For the past week, the small town of Midland City, Alabama, was in a state of agonizing uncertainty over a 5-year-old special needs boy, simply known as Ethan, who'd been taken hostage. His captor, 65-year-old veteran Jimmy Lee Dykes, had brought the boy to an underground bunker on his property after shooting and killing the boy's school bus driver.
On Monday, in a dramatic conclusion, the FBI stormed the bunker and freed the boy â€” and Dykes ended up dead. It was a meticulously planned mission that involved high-level officials, advanced equipment and days of training.
Here's everything you need to know about the FBI's raid on Dykes' underground bunker:
1. Defense Secretary Panetta Approved Military Tactics & Personnel
After the dire seriousness of the situation was realized, Defense Secretary Leon Panetta approved the use of military tactics and personnel to remove the boy from the situation.
2. The FBI Built a Mock Bunker
The FBI built its own model bunker, based on what they believed the inside of Dykes' bunker to look like, to train for all possible extraction scenarios for the boy. It must have taken considerable resources and effort to put all of this together, which is what the FBI's HRT (Hostage Rescue Team) is known for. These kinds of situations often require FBI intervention because the bureau has many capabilities and resources not afforded to local law enforcement â€” like the ability to build model bunkers for training exercises.
3. The FBI Used a Spy Camera
One of the special FBI items used to survey the situation was a specialized spy camera that allowed law enforcement to observe the inside of the bunker. This camera ended up proving crucial to the success of the operation, because without it they likely would not have known that Dykes ended up going for a gun (which prompted them to raid the bunker).
4. FBI Trained for a Week for the Extraction
The people responsible for Ethan's safe removal from the situation trained for most of a week to exhaust all possible scenarios they might have encountered. They used the mock bunker they'd built nearby to train, and it seems that it all paid off since the boy is safe with his family.
5. Ethan's Mother Didn't Want Dykes Killed
In a show of compassion, Ethan's mother asked law enforcement that Dykes not be killed because he was "a sick man." It appears that they were unable to grant her request.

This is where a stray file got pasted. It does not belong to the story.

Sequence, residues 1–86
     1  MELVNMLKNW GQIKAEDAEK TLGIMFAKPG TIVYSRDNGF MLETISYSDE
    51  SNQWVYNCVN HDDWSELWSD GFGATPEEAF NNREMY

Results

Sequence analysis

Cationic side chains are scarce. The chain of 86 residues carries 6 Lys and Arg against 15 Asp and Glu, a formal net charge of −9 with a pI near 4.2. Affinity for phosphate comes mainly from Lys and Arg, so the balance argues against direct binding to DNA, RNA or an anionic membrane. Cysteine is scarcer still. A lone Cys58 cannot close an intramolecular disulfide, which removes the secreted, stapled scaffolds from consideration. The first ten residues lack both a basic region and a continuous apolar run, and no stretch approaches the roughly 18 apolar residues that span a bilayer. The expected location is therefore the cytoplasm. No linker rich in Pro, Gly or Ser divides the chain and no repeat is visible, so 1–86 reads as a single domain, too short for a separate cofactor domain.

6. The FBI Asked Media to Keep it Hush-Hush
As a part of their elaborate rescue strategy, the FBI asked the media not to report most of their strategy until after the ordeal had ended. The authorities knew that Dykes had access to cable television and Internet in his bunker, and as such they knew that if the media reported their tactics he'd be inclined to react. Luckily the media abided by their request, because Ethan's safety depended on their cooperation.
7. FBI Used Flash-Bang Grenades for Diversion
Upon storming the bunker, the FBI deployed flash-bang grenades to distract Dykes so that they could rescue the boy. Their tactics worked, to great relief from the townspeople. Nearby witnesses reported hearing "booms" followed by "popping" sounds, which would later prove to be the flash-bangs likely followed by gunshots. The authorities haven't confirmed or denied using firearms to kill Dykes, although speculation has led most to believe that they did.
8. The FBI Was Prepared to Wait Months
The authorities knew that Dykes had enough food and supplies to last himself and the boy for months, so they said they were prepared to wait that long, provided that no further harm was presented to Ethan. When they saw that Dykes had a firearm, they perceived it as enough of a threat to induce them to carry out the raid on the bunker.
9. President Obama Approves
President Obama called FBI Director Robert Mueller personally to express his gratitude for and satisfaction with the outcome of the situation. This issue no doubt comes close to the president's heart, as a father and a staunch advocate of gun control.
10. The Bunker Had No Toilet
The bunker was very small, which is typical of most underground structures of its kind, but most provide a way for its occupants to relieve themselves. Dykes' bunker had no toilet, and since the two were inside it for nearly a week it raises some questions as to how they dealt with this rather unsanitary problem. The authorities say they were prepared to wait for months to resolve the situation, but logistically the lack of a toilet would have caused some pretty major problems on that front.